Bill Gross, another bond expert, said on social media that the Treasury 10-year with a 4% yield, around which it has lately hovered, is “overvalued.” Jeffrey Gundlach, founder, CEO, and chief investment officer of Doubleline, a money management firm that is a big player in the bond market. He said in a December 2023 CNBC interview that when the yield level of the 10-year Treasury market goes below 4%, it sounds “almost like a fire alarm” and that the 10-year yield would drop to the low 3s by sometime this year.

“In normal times it’s the short rate that comes down sharply given a recession is coming, and that causes the dis-inverting,” said Tobias Adrian, director of the International Monetary Fund’s monetary and capital markets department, told Bloomberg. “But now the US is likely to have a soft landing and so basically the curve could just flatten.”

But then, the 10-year yield has been climbing a bit over the last week, the 3-month has been steady, and the 2-year has been increasing. Some of the prognosticators will be right, others will be wrong, unless things manage to stay in a rough limbo, leaving everyone wondering. But there’s no definite answer right now.

 

Source:  GlobeSt.

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There seems to be hope abounding in commercial real estate, according to the Federal Reserve’s Beige Book. Optimism tends to look toward the future — in this case, when the industry hopes interest rates will drop.

In the reality of the moment, though, that hasn’t changed how higher rates are still limiting real estate deals, as reported by the various Federal Reserve district banks and what they’re hearing from people in their multi-state regions. And the optimism may ultimately end, as the excitement over interest rate reductions may be premature.

Consider the following excerpts from the report.

Boston: “Commercial real estate activity weakened further modestly, and the outlook in that sector remained mostly pessimistic, despite expected declines in borrowing rates. In the already-weak office market, vacancy rates increased moderately on average, and Providence in particular saw the exit of a large downtown tenant. Office rents fell noticeably in the Boston area in recent months but were reportedly stable (if low) elsewhere. Demand for life sciences space in greater Boston dwindled further to very low levels. In the retail market, rents and vacancy rates were mostly steady at moderate levels, although lower-end malls continued to see elevated vacancies. Demand for industrial space slowed further at a modest pace, but rents and occupancy rates were described as mostly stable at healthy levels. Projections for commercial real estate activity in 2024 were mixed but remained pessimistic on balance.”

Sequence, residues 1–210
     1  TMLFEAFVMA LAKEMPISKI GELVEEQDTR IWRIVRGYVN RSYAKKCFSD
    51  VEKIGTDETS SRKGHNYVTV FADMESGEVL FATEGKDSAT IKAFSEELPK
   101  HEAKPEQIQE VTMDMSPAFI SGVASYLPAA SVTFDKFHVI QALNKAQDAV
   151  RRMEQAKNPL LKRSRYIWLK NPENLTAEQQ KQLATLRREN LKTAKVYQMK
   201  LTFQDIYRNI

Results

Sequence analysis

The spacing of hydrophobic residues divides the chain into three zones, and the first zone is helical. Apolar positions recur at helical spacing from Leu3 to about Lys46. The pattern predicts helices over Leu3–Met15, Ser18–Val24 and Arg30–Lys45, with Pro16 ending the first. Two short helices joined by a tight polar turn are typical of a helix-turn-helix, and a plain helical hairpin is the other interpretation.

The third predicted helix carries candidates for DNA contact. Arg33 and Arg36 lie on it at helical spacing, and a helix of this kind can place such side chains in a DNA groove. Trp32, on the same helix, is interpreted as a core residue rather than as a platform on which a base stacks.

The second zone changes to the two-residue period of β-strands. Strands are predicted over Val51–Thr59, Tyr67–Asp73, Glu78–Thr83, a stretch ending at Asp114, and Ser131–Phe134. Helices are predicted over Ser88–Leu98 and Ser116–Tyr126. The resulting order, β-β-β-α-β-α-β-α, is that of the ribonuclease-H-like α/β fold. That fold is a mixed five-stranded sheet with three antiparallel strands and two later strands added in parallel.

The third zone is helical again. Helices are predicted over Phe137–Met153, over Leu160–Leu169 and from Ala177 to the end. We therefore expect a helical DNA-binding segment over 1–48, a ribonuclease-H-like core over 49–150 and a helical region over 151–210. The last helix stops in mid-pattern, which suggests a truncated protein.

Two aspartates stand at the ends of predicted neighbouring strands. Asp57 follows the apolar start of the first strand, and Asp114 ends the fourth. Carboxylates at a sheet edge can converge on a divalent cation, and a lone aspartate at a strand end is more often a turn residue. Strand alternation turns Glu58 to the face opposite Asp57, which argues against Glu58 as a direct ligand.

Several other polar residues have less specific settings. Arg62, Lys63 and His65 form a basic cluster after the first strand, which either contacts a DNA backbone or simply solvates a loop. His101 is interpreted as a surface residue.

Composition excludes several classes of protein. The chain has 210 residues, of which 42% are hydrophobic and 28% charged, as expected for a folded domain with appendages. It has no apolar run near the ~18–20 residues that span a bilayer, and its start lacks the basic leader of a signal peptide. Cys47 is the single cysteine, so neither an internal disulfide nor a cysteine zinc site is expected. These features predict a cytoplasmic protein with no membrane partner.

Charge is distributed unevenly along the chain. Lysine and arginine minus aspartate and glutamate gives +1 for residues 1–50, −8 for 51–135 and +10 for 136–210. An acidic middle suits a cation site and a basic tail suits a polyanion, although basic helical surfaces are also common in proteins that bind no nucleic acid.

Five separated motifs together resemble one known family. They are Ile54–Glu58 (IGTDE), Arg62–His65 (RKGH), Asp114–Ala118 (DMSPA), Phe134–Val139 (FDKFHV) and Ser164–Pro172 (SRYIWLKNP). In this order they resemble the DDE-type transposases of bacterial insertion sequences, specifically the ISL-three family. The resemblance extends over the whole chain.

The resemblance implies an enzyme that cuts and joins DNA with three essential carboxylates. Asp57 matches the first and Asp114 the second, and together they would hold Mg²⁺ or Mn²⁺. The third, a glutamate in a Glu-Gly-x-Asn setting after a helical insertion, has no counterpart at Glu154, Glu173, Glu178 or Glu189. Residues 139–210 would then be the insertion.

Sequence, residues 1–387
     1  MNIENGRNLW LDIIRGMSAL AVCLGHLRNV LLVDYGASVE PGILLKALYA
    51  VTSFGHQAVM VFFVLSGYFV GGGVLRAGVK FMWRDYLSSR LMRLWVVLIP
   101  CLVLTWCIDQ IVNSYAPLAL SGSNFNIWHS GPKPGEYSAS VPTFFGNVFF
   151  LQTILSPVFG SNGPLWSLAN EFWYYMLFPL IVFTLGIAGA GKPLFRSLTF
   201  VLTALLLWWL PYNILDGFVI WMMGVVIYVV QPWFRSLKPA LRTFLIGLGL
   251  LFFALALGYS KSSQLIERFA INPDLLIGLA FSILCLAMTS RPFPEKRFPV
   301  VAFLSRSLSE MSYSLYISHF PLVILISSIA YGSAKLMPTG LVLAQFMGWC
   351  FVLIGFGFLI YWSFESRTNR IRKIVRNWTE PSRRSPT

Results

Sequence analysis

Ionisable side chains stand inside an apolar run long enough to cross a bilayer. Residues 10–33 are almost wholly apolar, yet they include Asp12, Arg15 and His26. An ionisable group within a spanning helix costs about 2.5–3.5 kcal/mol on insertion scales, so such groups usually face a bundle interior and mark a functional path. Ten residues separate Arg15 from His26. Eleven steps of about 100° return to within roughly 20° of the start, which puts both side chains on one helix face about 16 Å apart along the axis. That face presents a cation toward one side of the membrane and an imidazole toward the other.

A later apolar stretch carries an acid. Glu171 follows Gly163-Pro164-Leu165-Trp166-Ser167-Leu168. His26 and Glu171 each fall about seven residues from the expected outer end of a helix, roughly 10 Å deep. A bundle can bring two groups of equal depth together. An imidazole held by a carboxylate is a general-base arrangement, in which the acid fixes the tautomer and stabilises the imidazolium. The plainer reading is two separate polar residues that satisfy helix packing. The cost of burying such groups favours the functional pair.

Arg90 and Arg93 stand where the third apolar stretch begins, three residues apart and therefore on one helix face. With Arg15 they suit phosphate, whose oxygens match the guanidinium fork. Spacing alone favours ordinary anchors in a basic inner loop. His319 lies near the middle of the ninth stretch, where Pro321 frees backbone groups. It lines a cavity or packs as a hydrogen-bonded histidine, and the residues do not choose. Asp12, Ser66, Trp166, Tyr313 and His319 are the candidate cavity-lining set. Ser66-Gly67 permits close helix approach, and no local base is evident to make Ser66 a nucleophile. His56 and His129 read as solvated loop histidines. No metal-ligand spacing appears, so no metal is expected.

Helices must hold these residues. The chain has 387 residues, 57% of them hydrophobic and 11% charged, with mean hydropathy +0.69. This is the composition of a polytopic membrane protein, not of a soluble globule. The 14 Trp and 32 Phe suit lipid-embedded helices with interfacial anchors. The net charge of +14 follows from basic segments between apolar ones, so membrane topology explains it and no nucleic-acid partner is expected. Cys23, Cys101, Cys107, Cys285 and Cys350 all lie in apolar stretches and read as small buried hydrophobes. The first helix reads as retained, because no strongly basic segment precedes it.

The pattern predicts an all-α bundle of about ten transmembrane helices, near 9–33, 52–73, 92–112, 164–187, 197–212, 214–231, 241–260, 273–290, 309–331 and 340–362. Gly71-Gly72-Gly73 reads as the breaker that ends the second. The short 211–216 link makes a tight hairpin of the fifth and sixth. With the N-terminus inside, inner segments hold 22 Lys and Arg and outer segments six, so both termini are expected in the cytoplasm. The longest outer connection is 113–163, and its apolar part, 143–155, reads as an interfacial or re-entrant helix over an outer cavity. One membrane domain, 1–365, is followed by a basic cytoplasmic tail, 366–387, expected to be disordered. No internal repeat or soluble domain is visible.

New York: “Commercial real estate markets mostly held steady. New York City office vacancy rates were steady near historic highs and rents declined slightly. Upstate New York office markets saw continued increases in vacancy rates, but rents were unchanged. In the industrial market, small improvements were seen in downstate New York while conditions in upstate New York deteriorated. Construction contacts reported that activity declined modestly since the last report. Office construction dropped, but industrial construction grew with high volumes under construction and significant deliveries set for 2024 in downstate New York and northern New Jersey.”

Philadelphia: “In nonresidential markets, leasing activity and transaction volumes continued to decline slightly—more so in the office market in which existing tenants continued to downsize their space and upgrade their quality as their leases expired. In contrast, current construction activity held steady, although many contacts expect that the project pipeline will shrink before the end of 2024. New projects are slowly emerging in heavy industry and infrastructure.” However, banks in the region generally noticed modest growth in CRE loan volumes.

Cleveland: “Residential construction and real estate contacts reported that activity remained soft in recent weeks. However, one homebuilder reported an increase in inquiries as mortgage rates declined. Nonresidential construction rebounded in recent weeks. One commercial builder noted that declining interest rates and greater optimism about the economic outlook had boosted demand. Moreover, multiple general contractors reported that customers had elected to move forward with previously delayed projects. Commercial real estate and construction contacts expected demand to remain mostly stable in the near term.”

Richmond: “Overall market activity in commercial real estate was flat this period. Retail remained strong, especially with fast casual restaurant chains. In the office sector, Class A office space was tightening with more leasing activity related to firms upgrading their space and moving away from central business districts. A lack of available financing continued to constrain new development and refinancing within the broader CRE sector. Construction projects were mainly limited to the industrial and multifamily segments. Contractors noted that due to the high cost of construction there were few new CRE projects and, as such, their backlog of work was shrinking.”